On March 15, in an interview with Turkish news agency Anadolu, Armenian Foreign Minister Ararat Mirzoyan said the nation hopes to establish diplomatic relations with Turkey and open borders with the neighboring country. His statement came days after meeting his Turkish counterpart Mevlüt Çavuşoğlu at a side meeting of the Antalya Diplomatic Forum, which was held from March 11-13. This meeting was described as “productive and constructive”.
The Antalya meeting was the first since 2009 to bring together the foreign ministers of the two countries, and is part of mutual efforts to restore diplomatic alliances, broken since the beginning of the 1990s.
For the first time in the history of the two countries, Turkey and Armenia are ready to leave behind the Armenian Genocide and the disputes over the Nagorno-Karabakh region that have soured their diplomatic relations for decades. Turkey has refused to recognize the events of 1915 as genocide, as well as supporting Azerbaijan in the second Nagorno-Karabakh war with Armenia in 2020.
Although Turkey was among the first countries to recognize Armenia’s independence in 1991, relations broke down in 1993 when Ankara closed the borders in a show of Turkish solidarity with its close ally Azerbaijan during the first Nagorno-Karabakh war. At that time, Azerbaijan lost control of the Nagorno-Karabakh enclave and seven adjacent territories.
In 2008, when Turkey and Armenia expressed their mutual interest in reconciliation, the process was halted due to strong opposition from Azerbaijan. As a result, the Zurich Protocols, also known as “football diplomacy”, failed and further alienated the two countries diplomatically.
The consequences of the second Karabakh war changed the fabric of their diplomatic relations. As Azebaijan regained control of its seven territories around Nagorno-Karabakh, which Armenia had lost, “Turkey began to show signs of willingness to start new talks with Armenia”, wrote the International Crisis Group in an analysis published today. normalization.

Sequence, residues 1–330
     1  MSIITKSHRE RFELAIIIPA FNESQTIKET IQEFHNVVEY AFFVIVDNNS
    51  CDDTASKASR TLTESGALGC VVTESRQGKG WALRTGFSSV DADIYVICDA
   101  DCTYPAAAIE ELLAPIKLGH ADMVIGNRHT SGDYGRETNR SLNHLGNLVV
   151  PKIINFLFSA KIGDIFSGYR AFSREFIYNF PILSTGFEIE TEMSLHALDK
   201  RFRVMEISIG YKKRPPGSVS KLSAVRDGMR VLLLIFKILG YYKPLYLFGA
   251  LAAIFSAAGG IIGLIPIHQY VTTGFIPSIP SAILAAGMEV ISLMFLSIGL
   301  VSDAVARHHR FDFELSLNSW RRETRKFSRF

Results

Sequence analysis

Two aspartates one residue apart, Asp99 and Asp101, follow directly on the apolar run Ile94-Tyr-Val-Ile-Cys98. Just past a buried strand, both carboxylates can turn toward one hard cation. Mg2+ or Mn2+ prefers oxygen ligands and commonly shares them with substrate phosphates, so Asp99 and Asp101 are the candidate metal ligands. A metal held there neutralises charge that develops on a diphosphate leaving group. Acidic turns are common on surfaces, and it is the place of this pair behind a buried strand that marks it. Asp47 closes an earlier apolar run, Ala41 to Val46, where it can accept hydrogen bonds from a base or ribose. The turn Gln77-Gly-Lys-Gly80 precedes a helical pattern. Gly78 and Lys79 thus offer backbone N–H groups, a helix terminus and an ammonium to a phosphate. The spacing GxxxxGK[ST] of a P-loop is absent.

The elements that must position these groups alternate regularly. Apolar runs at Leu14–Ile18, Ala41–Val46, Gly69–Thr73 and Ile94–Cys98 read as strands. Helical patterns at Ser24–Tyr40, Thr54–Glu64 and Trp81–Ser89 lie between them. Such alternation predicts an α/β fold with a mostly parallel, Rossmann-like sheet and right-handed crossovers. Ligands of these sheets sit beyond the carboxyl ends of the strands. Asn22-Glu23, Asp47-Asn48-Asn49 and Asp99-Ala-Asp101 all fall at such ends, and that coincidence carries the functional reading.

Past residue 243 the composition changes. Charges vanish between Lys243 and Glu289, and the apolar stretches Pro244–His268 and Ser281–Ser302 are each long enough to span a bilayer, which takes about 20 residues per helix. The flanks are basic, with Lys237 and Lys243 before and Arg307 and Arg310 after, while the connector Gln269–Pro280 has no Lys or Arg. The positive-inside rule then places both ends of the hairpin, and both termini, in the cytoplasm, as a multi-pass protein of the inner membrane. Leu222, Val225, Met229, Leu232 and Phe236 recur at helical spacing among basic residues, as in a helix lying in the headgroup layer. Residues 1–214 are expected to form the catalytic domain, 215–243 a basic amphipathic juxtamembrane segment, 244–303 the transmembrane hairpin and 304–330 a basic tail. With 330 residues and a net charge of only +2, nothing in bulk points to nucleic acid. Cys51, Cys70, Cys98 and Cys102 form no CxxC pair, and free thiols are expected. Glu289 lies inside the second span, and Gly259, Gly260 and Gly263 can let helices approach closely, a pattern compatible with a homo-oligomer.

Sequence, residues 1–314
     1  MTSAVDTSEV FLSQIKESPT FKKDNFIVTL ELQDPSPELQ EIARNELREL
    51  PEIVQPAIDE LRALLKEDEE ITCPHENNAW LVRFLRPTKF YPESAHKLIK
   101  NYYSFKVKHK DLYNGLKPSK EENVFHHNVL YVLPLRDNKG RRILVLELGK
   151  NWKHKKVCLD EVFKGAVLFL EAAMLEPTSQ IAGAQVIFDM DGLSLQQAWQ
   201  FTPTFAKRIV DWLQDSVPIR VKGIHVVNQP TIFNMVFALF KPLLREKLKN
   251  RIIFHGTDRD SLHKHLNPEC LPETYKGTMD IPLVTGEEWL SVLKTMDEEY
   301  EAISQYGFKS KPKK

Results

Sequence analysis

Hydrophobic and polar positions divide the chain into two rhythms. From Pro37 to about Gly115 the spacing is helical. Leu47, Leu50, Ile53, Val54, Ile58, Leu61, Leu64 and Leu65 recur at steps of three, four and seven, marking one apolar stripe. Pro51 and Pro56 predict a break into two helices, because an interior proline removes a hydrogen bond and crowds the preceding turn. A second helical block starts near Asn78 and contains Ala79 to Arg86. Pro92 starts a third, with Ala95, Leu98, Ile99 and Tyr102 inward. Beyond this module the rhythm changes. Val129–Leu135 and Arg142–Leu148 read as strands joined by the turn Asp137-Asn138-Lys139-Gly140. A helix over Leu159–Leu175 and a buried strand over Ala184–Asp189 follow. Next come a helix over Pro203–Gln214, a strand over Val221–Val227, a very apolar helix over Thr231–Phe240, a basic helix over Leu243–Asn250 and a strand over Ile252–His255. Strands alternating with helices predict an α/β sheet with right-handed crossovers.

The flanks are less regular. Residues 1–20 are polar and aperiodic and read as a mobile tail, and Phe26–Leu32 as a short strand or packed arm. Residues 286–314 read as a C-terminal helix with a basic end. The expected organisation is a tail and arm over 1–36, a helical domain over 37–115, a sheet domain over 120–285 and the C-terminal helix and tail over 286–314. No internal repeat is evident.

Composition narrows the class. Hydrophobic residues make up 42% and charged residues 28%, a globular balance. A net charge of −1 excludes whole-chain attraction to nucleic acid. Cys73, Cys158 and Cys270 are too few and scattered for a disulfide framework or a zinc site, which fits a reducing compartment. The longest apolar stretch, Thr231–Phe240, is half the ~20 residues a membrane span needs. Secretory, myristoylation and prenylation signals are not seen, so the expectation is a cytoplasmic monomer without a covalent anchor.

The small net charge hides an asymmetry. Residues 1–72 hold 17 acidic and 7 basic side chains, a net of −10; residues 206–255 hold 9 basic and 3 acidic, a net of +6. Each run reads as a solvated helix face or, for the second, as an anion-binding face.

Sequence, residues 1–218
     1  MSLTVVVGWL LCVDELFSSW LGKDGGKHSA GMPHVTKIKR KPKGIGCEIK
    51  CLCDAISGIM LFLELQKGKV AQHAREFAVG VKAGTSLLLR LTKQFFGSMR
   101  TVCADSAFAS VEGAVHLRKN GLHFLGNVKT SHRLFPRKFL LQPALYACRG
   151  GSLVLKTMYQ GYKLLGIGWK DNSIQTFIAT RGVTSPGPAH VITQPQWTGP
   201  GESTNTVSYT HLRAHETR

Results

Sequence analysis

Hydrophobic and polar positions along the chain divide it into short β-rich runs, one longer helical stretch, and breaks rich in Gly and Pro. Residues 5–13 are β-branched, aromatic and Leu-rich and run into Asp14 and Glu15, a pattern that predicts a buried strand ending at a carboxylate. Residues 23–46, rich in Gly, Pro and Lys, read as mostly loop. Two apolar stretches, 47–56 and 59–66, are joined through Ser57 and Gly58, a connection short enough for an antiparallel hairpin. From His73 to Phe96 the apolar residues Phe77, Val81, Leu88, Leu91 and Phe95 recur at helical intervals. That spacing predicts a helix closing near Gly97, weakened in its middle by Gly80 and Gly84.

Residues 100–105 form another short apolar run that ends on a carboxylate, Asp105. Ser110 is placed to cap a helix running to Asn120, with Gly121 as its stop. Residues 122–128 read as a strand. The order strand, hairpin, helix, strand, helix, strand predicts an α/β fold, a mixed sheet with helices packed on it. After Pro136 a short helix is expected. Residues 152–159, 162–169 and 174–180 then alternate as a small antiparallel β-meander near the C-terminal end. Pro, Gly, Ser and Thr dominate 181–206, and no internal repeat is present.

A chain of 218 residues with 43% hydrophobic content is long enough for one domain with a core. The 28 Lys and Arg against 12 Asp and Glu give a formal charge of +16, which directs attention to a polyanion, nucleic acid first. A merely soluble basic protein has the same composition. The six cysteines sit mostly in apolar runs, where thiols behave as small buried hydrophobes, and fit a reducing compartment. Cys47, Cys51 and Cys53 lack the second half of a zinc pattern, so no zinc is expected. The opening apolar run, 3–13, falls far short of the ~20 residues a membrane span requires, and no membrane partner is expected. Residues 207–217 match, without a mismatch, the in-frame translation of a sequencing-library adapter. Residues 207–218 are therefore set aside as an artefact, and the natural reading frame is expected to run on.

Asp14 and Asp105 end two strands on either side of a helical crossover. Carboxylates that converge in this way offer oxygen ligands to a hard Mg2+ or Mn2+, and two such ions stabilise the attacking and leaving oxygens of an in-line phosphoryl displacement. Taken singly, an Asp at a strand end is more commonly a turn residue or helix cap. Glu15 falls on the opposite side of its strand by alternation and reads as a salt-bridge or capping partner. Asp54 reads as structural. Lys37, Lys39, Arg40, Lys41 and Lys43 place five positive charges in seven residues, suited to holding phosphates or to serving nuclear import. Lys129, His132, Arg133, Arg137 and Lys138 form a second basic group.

The first round of talks was held on January 14, 2022 in the Russian capital of Moscow and it raised hopes for normalization and even a possible opening of borders.
According to officials in the Armenian capital, Yerevan, the latter could have an impact on the economic, social and cultural relations between the two countries and their citizens. On March 14, Armenian Foreign Minister Ararat Mirzoyan said: “Opening the borders will have a positive impact on regular communication between the two countries, trade and economic relations, people-to-people contacts and stability in the region in general. He added that according to polls, the majority of Armenians approve of normalization.
According to a recent poll by the International Republican Institute (IRI) published in January 2022, 90% of Armenians believe that Turkey is the greatest political and security threat to their country. IRI’s program director in Armenia, James De Witt, said in an interview with Global Voices: “Armenian society blames Turkey for the lost war. [en 2020] and sees in it a continuation of the policy of genocide [de Turquía]”.
Luego de las conversaciones de enero en Moscú, el 2 de febrero de 2022 Estambul y Yerevan reanudaron los vuelos chárter y se reunieron por segunda vez en Viena el 24 de febrero, donde ambas partes reiteraron su compromiso de continuar con las negotiations para normalizar las relations totally. The reopening of flights has been well received in Turkey. Garo Paylan, a parliamentarian from the pro-Kurdish Peoples’ Democratic Party (HDP, as he is known in Turkish) in Turkey, told reporters that resuming flights was “an important step” and encouraged politicians “to make this window of opportunity results in peace.”
“There may be problems, but we can have diplomats on both sides, open borders, launch regional economic programs that will benefit both [tanto como] people from Armenia and Turkey,” said Paylan, who is from an Armenian family in Istanbul, as quoted on February 15.